"Chinese ships have been dispatched to the area. Beijing is expected to make an announcement in a few hours," acting Transport Minister Hishammuddin Hussein told reporters.
One of the objects was very large, measuring 22.5 by 13 metres, the ministry said in a statement, correcting the minister's earlier statistics of 22 by 30 metres.
"This information was received by phone during the press conference, and was initially misheard," the ministry said.
Hishammuddin said earlier: "The news that I just received is that the Chinese ambassador received a satellite image of a floating object in the southern corridor and they will be sending ships to verify."
He said he had no other information and that China would release further details. It was not immediately clear whether the object was seen near where another satellite found two objects earlier this week.
China's Xinhua news agency said the object was about 120 kilometres from the area where Australian satellite images had shown large pieces of debris earlier. Those objects have not been located and could have drifted considerably since they were first sighted, leading to speculation that the Chinese sighting may be the same object.
The development came as frustration grew over the lack of progress tracking down two other objects spotted by satellite earlier in the week.
Nothing has been found in the three days that search crews have been scouring the area where the satellite took images of objects, about 2,500 kilometres southwest of Australia.
Two military planes from China arrived in Perth on Saturday to join Australian, New Zealand and US aircraft in the search. Japanese planes will arrive Sunday and ships were in the area or on their way.
Australian Prime Minister Tony Abbott, on an official visit to Papua New Guinea, said weather hampered the search earlier but conditions were improving.
"There are aircraft and vessels from other nations that are joining this particular search because tenuous though it inevitably is, this is nevertheless the first credible evidence of anything that has happened to Flight MH370," Abbott said.
Hishammuddin said that if the search was unsuccessful, the focus would have to return to two broad arcs where pings from the aircraft, detected by another satellite, may have originated.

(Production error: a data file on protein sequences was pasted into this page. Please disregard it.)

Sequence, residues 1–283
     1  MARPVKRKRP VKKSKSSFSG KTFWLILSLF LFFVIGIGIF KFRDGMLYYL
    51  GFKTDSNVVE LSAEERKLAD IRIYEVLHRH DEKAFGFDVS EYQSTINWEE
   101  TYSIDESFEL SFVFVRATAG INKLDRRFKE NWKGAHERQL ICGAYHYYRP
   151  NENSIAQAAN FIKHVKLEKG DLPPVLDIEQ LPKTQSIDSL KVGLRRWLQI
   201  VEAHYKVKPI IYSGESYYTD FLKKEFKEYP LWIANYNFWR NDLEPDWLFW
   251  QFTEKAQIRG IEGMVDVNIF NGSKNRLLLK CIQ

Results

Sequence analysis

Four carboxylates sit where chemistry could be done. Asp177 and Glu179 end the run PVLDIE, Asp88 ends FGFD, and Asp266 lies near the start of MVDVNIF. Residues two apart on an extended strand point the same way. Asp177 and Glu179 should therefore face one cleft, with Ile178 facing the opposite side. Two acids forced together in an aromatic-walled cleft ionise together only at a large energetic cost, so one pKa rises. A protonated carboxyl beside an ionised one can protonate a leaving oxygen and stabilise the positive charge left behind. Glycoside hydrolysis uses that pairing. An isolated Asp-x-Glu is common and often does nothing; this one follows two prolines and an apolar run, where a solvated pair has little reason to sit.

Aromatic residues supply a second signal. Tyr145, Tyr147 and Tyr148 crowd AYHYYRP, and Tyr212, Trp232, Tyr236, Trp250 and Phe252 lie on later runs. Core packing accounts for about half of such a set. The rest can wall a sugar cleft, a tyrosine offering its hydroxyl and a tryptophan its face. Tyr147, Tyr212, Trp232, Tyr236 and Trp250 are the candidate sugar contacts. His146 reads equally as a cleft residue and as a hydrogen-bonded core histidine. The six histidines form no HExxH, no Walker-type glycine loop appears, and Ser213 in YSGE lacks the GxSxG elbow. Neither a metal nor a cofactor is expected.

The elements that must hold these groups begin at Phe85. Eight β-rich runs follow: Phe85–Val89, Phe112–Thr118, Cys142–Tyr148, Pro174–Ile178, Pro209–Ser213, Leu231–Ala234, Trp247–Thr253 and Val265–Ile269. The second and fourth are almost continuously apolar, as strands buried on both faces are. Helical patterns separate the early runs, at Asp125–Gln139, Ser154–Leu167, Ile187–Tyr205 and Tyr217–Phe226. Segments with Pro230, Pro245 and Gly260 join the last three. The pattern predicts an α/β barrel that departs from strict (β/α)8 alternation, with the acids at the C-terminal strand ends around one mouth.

Though direct contact with the aircraft was lost early March 8 over the Gulf of Thailand, the pings continued for several hours after that. One arc stretches into central Asia; the other deep in the Indian Ocean.
"My biggest concern is that if we are not able to identify the debris, having to go back to the two corridors is a huge and massive area," Hishammuddin said.
The Boeing 777 disappeared March 8 with 239 people on board less than an hour after taking off from Kuala Lumpur. Hopes that the search could be more narrowly focused grew after a satellite spotted two large objects in the area earlier this week.
One of the objects was 24 metres in length and the other was 5 metres. The objects could be unrelated to the plane; one possibility is that they fell off one of the cargo vessels that travel in the area.
Malaysia has asked the US for undersea surveillance equipment to help in the search, said Rear Adm John Kirby, a Pentagon spokesman.
Some questions had been raised about the cargo of the missing plane because it contained lithium ion batteries. Malaysia Airlines issued a statement saying it was in compliance with the International Civil Aviation Organization and the International Air Transport Association requirements and classified as "non-dangerous goods".
Malaysian authorities have not ruled out any possible explanation for what happened to the jet but have said the evidence so far suggests it was deliberately turned back across Malaysia to the Strait of Malacca, with its communications systems disabled. They are unsure what happened next.
Police are considering the possibilities of hijacking, sabotage, terrorism or issues related to the mental health of the pilots or anyone else on board.